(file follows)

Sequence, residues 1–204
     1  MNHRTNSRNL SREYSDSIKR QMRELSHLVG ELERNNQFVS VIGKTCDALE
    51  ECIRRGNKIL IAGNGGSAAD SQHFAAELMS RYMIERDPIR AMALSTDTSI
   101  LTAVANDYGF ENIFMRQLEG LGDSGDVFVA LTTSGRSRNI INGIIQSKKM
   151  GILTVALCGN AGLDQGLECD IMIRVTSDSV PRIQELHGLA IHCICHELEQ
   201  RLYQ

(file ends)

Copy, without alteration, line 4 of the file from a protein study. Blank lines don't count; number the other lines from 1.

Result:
   101  LTAVANDYGF ENIFMRQLEG LGDSGDVFVA LTTSGRSRNI INGIIQSKKM